Ventro-dorsal radiograph of a dog with acute pancreatitis. Note the right lateral displacement of the duodenum and the left displacement of the pyloris in this view.

Abdominal Ultrasonography

The diagnostic accuracy of ultrasound for the diagnosis of pancreatitis can approach 90% but is somewhat dependent on operator skill9. The sensitivity of abdominal ultrasound for detection of acute pancreatitis varies considerably, but is reported to be 68% in dogs, and between 11-67% in cats, based on available studies9. Early ultrasound findings in pancreatitis include increasing echogenicity of peri-pancreatic tissue, associated with necrosis and saponification of peri-pancreatic tissue, surrounding hypoechoic, oedematous pancreatic tissue. Formation of cysts, abscesses or pseudocysts within the pancreas can lead to the presence of anechoic regions within the pancreas1,2.

Interestingly, in a study of ultrasound evaluation of acute pancreatitis on 38 dogs, sensitivity of ultrasound-diagnosis increased when ultrasound was performed 48-hours after admission, suggesting repeated ultrasound assessments be conducted where results of an initial ultrasound are inconclusive10.

In some cases, the development of local regions of inflammation and peritonitis around the pancreas can markedly reduce ultrasound image sensitivity, and can make a specific ultrasound diagnosis difficult and perhaps presumptive at best in these circumstances2.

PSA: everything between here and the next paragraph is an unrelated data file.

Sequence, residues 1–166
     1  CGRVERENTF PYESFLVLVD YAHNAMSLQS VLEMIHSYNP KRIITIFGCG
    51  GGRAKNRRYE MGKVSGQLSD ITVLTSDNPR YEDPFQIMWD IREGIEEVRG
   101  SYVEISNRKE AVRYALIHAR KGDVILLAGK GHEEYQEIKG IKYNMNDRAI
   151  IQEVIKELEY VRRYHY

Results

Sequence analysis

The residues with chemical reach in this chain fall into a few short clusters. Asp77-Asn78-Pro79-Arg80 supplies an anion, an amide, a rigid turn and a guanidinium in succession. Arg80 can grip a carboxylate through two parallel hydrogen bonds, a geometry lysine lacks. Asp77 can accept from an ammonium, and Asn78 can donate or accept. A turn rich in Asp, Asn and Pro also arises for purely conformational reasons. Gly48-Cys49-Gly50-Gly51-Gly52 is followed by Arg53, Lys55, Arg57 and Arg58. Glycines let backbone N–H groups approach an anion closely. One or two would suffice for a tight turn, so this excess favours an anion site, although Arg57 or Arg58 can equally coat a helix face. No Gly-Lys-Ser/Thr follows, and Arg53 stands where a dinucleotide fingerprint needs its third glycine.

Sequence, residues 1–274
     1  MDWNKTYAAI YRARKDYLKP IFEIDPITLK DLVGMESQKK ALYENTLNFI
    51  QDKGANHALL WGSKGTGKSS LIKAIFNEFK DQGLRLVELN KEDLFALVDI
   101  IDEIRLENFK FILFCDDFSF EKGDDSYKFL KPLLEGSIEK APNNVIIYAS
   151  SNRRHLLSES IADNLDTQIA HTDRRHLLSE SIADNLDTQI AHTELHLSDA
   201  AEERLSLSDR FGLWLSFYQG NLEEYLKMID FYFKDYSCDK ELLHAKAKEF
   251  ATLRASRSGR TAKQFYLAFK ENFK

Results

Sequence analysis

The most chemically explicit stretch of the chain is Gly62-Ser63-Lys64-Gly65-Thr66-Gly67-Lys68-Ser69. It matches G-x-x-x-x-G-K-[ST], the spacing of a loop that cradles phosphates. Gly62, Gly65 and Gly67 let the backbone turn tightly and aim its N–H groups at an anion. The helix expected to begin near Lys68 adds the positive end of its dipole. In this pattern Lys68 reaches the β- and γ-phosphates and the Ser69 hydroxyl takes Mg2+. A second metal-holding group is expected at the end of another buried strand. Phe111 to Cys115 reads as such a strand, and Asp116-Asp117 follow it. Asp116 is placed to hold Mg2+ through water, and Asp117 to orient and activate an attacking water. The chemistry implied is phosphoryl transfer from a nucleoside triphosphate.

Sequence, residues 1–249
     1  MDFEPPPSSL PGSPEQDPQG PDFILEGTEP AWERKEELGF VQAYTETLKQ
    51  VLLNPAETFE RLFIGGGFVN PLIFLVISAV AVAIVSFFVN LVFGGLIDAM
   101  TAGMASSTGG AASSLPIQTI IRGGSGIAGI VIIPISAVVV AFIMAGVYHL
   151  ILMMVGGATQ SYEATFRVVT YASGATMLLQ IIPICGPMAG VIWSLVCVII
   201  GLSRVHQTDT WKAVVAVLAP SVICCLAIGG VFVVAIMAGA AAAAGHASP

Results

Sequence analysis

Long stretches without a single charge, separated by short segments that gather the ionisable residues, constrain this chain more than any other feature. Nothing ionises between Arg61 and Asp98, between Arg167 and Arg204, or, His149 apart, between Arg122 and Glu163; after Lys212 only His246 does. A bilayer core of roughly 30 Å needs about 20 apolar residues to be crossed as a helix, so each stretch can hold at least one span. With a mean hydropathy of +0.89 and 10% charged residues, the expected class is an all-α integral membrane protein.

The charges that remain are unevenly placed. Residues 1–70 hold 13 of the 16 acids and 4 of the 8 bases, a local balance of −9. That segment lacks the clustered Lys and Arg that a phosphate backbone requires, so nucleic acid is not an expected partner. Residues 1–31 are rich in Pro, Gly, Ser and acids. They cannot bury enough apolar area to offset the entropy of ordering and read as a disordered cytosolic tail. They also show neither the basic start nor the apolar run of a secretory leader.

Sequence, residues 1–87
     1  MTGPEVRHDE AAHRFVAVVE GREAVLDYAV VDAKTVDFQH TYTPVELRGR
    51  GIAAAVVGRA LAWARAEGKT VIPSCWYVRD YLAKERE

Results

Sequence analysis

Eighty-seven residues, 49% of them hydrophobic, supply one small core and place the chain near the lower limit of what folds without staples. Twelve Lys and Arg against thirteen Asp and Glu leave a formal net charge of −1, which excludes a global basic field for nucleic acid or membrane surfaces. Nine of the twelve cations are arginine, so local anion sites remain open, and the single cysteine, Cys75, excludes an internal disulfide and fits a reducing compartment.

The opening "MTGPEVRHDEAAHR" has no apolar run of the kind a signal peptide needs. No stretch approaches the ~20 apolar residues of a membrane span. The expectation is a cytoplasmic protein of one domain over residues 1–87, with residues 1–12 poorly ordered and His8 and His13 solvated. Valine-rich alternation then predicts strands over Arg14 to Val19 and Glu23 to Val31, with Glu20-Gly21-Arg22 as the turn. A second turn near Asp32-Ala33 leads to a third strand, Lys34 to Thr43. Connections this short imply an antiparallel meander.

Abdominal Ultrasonography

Diagnostic Peritoneal Lavage (DPL)

DPL may reveal a serosanguinous fluid, elevated leukocyte count, and degenerate neutrophils. The amylase and lipase concentration of abdominal effusion, if measured, is always more elevated than serum levels, and this can be a helpful diagnostic test if results of other tests are equivocal

Free abdominal fluid sample from a dog with pancreatitis showing large numbers of neutrophils, many of which have vacuolated cytoplasm.
Free abdominal fluid sample from a dog with pancreatitis showing large numbers of neutrophils, many of which have vacuolated cytoplasm.

Contrast-Enhanced CT

CT can be used as a diagnostic tool for visualizing pancreatic tissue and surrounding structures. However, the test is not always readily available, is limited by cost, and the requirement for patient general anesthesia. Additionally, studies of CT in acute pancreatitis to date have shown low sensitivity in dogs and cats9. CT angiography (CTA) is another technique used in humans with acute pancreatitis. In a single study in dogs, CTA better identified portal vein thrombosis than abdominal ultrasound, and this may be of significance in therapeutic decision-making in affected patients11.

CT of the pancreas in a dog with pancreatitis.
CT of the pancreas in a dog with pancreatitis.

The Treatment of Acute Pancreatitis

There is no specific therapy targeted at pancreatitis. The management of pancreatitis is thus largely supportive in nature, and falls broadly into three categories

  1. Restoration of normal fluid, electrolyte and acid-base status
  2. Nutritional support of the patient
  3. General supportive care of the patient and vital organ systems

Correction of fluid, electrolyte and acid/base imbalances